• Freeze!: Give Baby a little space when he first gets back from daycare, preschool, a playdate, or even grandma’s house, especially if he is quiet, or hasn’t jumped into telling you about his day when you’ve asked him about his day in the past. Socializing can be stressful for toddlers, and can take a lot of energy, even when they have a great time. Your little one may need a little time to regroup, wind down, or just be quiet, before he’s ready to talk to you.
  • Question your questions: Depending on how asking Baby about his day has gone in the past, it may be time to rethink your questioning style. Open-ended questions are more likely to get a longer, or more interesting, answer than yes or no questions. Very specific questions (as opposed to the more general, “how was your day?”) can help young children organize the way they think about their day. On the other hand, some children can take very specific questions as nosiness or prying, especially as they get older. In the end, the best way to approach asking questions is to take your cues from your little one. If one way of asking about his day doesn’t work, try something else until you find something that sticks.
  • Make the time: Make specific space in your day to talk and connect, whether it’s over dinner, a snack, in the car on the way home, or snuggled up and chatting as part of winding down before bed.
  • Use props: Asking questions about any art, worksheets, or other things your toddler may have brought home is a great way to get the conversation going. Asking about objects is a good way to spark a young child’s memory, and it often means bringing up something he’s interested in talking about, which he might have already opened the conversation about by showing it to you.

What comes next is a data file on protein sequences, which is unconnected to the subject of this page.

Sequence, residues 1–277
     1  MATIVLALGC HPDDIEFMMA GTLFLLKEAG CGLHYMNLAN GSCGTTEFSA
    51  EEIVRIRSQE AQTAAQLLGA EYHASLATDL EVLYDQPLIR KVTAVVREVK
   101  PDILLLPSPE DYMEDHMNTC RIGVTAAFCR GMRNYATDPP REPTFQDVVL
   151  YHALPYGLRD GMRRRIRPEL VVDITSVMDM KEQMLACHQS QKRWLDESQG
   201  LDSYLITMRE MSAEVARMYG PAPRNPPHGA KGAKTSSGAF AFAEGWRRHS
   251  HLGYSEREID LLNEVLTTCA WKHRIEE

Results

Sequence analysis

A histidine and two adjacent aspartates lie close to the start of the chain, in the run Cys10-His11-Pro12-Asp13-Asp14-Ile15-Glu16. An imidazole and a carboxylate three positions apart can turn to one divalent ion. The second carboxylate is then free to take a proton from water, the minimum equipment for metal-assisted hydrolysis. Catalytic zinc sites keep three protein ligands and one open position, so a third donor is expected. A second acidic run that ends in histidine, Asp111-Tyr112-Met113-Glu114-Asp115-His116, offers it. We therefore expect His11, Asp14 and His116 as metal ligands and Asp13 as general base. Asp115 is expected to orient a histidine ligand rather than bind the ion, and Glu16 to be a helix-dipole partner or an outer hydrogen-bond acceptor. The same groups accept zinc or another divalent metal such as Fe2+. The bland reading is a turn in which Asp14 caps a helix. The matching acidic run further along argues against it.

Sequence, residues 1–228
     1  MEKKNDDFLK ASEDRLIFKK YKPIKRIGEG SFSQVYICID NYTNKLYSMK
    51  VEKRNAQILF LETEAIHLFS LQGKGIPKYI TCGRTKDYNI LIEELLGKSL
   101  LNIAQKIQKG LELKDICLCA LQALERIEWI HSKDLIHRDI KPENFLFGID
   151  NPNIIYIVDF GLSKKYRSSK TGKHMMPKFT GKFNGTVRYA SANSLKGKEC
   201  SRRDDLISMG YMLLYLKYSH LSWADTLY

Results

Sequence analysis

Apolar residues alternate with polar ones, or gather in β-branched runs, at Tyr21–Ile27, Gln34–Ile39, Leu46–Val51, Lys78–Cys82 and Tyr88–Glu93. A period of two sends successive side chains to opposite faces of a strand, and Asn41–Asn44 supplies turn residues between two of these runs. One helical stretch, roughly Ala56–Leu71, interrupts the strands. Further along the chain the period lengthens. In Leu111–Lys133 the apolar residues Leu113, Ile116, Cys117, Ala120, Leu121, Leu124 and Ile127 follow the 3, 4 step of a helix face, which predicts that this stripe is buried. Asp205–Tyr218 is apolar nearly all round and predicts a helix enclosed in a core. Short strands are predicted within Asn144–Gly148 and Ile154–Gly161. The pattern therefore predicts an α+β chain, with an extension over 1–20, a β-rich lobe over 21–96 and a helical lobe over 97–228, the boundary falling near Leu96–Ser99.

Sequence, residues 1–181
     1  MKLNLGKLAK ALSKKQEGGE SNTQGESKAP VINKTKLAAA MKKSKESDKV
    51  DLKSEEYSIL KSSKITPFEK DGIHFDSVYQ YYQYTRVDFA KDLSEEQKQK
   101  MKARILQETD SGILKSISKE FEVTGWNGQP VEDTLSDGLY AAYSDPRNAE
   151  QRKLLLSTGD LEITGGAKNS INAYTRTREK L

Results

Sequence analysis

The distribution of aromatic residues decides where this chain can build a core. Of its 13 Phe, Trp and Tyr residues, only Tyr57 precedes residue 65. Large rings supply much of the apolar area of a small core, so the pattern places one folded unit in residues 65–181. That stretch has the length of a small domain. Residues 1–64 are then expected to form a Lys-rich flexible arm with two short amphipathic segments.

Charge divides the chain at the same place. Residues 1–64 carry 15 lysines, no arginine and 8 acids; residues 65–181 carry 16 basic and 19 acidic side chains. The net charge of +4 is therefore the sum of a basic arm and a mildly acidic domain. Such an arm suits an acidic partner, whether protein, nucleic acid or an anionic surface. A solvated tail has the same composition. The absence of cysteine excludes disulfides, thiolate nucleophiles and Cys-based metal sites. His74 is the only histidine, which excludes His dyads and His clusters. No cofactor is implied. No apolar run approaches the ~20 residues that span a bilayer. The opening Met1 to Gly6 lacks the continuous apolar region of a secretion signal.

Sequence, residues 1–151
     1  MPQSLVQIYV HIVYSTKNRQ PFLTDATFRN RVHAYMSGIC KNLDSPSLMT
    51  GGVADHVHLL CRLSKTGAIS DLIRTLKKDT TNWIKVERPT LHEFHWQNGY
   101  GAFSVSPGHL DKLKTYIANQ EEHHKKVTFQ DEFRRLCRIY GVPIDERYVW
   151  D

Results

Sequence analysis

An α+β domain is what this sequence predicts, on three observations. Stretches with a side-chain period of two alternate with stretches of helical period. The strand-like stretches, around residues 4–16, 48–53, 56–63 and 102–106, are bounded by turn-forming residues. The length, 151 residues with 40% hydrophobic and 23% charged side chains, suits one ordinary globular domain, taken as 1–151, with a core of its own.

• Wait before jumping to the rescue: If Baby tells you about something hard, or something that made him sad, it may make you even more upset than he is, and may make you want to fix the problem right away. Of course, if something seems especially serious, or happens often, you may need to step in, but in general, for small issues, over-reacting may make your child less willing to share, if he sees you getting upset about it, and trying to solve a problem for him may make him less likely to problem-solve on his own. Instead, it may be more helpful to talk to him about how he feels, how he thinks anyone else who’s involved might feel, and about some of the things he might have thought about doing.

Sharing what you’ve been thinking and feeling can be tricky even when you’re not a toddler anymore, so don’t be surprised if it takes Baby a little while to get the hang of this kind of conversation. Once he does, though, it can be a great part of your family’s routine.

  • Sara Ackerman. “Want your kids to tell you about their day? Instead of asking questions, try this.” Washington Post. The Washington Post, September 27 2017. Retrieved August 29 2017.
  • Sherry Artemenko. “Tips To Get Your Child To Talk About Her School Day.” Parents’ Choice. Parents’ Choice. Retrieved August 29 2017. 
  • “Talking Strategies.” PBS. PBS. Retrieved August 29 2017.